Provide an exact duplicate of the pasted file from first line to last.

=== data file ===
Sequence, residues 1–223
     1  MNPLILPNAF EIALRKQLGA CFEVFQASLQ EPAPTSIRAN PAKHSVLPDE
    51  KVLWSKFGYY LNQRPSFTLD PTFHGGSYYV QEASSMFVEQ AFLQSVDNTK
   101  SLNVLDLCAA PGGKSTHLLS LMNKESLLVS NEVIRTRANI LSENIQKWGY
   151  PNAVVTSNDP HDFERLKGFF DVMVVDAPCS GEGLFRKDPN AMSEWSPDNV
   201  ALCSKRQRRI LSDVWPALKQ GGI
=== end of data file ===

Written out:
Sequence, residues 1–223
     1  MNPLILPNAF EIALRKQLGA CFEVFQASLQ EPAPTSIRAN PAKHSVLPDE
    51  KVLWSKFGYY LNQRPSFTLD PTFHGGSYYV QEASSMFVEQ AFLQSVDNTK
   101  SLNVLDLCAA PGGKSTHLLS LMNKESLLVS NEVIRTRANI LSENIQKWGY
   151  PNAVVTSNDP HDFERLKGFF DVMVVDAPCS GEGLFRKDPN AMSEWSPDNV
   201  ALCSKRQRRI LSDVWPALKQ GGI